Fencing in front of the main gate of Evin prison in Tehran.
In encouraging news from Iran, nine Christians have been acquitted - and their Christian activities have been deemed not to be crimes. They are from Muslim backgrounds in Iran, their ‘crimes’ that would have seen them facing five years in prison.
Abdolreza (Matthias) Haghnejad, Khalil Daeghanpour, Hossein Kadivar, Kamal Naamanian, Mohammad Vafadar, Mohammad (Sharooz) Eslamdoust, Babak Hosseinzadeh, Mehdi Khatibi and Behnam Akhlaghi were arrested in January and February 2019. Later that year, they
were each convicted of endangering state security.
Each of the men is a convert from Islam: Christians from a Muslim background are most at risk of persecution in Iran, particularly from the government, who see the growth of the church as an attempt to undermine the country. It is common for house churches
to be raided, with leaders and members like these men given prison sentences for ‘crimes against national security’.
Sharing Jesus declared not a crime
The tide seems to be turning, though. In November 2021, the Supreme Court ordered a review of their sentences on the basis that sharing the Christian faith in a private home is not ‘gathering and collusion against internal or external security’, as the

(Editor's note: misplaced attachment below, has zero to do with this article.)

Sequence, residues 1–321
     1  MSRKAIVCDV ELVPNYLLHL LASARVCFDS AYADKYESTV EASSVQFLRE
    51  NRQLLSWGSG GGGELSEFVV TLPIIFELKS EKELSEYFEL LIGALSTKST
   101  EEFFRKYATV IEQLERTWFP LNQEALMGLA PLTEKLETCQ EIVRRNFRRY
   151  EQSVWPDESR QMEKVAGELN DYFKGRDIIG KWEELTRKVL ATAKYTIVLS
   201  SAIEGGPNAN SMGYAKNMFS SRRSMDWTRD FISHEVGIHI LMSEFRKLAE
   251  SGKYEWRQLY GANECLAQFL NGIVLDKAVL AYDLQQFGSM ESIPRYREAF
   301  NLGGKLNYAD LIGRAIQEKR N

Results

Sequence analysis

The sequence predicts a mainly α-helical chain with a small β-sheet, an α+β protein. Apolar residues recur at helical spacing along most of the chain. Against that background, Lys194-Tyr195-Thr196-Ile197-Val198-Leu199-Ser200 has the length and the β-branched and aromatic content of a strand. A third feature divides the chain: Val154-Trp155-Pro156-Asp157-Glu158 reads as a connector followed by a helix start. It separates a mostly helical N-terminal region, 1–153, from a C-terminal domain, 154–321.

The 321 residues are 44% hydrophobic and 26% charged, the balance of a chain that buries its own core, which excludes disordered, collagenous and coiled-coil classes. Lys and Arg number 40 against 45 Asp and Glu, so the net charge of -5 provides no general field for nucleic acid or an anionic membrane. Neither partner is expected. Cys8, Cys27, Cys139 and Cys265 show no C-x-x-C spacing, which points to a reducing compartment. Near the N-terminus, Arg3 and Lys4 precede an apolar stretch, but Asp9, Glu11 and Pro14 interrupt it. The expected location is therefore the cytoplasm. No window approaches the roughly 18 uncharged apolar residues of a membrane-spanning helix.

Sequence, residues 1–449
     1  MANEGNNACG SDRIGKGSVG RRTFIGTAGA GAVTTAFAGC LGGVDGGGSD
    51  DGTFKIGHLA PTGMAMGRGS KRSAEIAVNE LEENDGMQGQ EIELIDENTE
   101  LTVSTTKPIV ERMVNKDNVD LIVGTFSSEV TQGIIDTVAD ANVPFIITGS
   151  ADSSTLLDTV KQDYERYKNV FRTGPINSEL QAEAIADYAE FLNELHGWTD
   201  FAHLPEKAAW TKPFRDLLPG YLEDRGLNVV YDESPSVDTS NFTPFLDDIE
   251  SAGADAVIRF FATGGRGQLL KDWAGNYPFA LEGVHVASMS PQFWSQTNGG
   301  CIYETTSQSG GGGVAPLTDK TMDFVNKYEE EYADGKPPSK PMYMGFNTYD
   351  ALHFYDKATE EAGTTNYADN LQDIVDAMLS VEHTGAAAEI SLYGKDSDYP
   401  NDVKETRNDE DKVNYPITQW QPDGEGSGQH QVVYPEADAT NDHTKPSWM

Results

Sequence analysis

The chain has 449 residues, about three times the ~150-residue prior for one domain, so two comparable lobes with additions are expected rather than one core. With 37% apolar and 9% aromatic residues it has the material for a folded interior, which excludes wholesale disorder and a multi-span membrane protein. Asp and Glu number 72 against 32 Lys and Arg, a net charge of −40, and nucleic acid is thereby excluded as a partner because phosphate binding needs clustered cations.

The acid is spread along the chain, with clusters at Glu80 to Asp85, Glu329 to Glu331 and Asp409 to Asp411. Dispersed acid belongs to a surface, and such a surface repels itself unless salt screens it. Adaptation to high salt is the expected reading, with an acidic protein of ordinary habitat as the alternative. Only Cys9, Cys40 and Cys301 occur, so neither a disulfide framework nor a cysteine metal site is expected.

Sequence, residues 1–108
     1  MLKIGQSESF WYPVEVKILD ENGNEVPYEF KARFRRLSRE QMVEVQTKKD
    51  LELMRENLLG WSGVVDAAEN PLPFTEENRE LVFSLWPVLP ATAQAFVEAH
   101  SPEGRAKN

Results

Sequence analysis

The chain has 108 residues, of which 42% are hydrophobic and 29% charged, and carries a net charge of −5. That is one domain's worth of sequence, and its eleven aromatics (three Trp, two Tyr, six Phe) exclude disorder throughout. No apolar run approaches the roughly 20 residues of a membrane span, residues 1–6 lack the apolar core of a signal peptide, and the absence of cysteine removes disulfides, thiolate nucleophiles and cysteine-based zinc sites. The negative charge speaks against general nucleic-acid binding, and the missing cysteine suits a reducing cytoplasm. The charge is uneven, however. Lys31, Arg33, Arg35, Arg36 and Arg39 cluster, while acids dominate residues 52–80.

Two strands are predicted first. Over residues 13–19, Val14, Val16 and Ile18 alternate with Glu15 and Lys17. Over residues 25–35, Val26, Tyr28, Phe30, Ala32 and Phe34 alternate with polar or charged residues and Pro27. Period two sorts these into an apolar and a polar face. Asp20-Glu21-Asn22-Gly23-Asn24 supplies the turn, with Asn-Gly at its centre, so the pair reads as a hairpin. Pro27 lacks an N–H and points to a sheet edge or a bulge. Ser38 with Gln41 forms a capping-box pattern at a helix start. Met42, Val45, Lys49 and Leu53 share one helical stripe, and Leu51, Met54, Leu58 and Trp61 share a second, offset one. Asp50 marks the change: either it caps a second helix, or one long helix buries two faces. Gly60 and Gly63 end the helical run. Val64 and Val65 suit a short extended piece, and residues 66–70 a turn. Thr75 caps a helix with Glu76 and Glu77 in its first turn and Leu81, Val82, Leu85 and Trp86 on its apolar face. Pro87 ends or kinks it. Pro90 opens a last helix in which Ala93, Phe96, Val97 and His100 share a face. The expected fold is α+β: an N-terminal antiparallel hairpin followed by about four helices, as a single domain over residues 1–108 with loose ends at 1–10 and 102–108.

original verdict alleged.
This was a surprising and welcome development, as was the declaration that establishing a house church and promoting Christianity are not considered crimes.
On 28 February, the judge who reviewed these men’s cases announced that there is no legal basis for their conviction. They have been acquitted of any crime, praise God!
The decision states: “a sentence of criminal conviction requires judicial certainty and conclusive evidence of guilt, and members of society cannot be convicted on the basis of speculation and sentenced to imprisonment” and “the defendants, according
to the teachings of Christianity, worshiped and praised in the house-church, and there was no positive evidence to validate the crime of acting against the security of the country in the case.”
Please keeping praying
Iranian Christians welcome this decision, and the hope it brings for the future – but are calling for continued prayer, particularly for three of these men.
Matthias faces a six-year prison sentence for a charge dating back to 2014, for ‘acting against the security of the country by forming a group and propagating Christianity outside the church and in the house church and giving information to the enemies
Babak and Behnam, meanwhile, have recently been charged for video calls they made for Christian converts to be freely allowed to gather for worship. Though signs of religious freedom are tentative, there is much to praise God for – please join with our
Iranian church family in asking that He would continue to bring freedom in the country, and continue changing the hearts of those in power.
Iran is still number nine on the Open Doors World Watch List, and much change is still needed in the country.
Information for this article comes from Middle East Concern.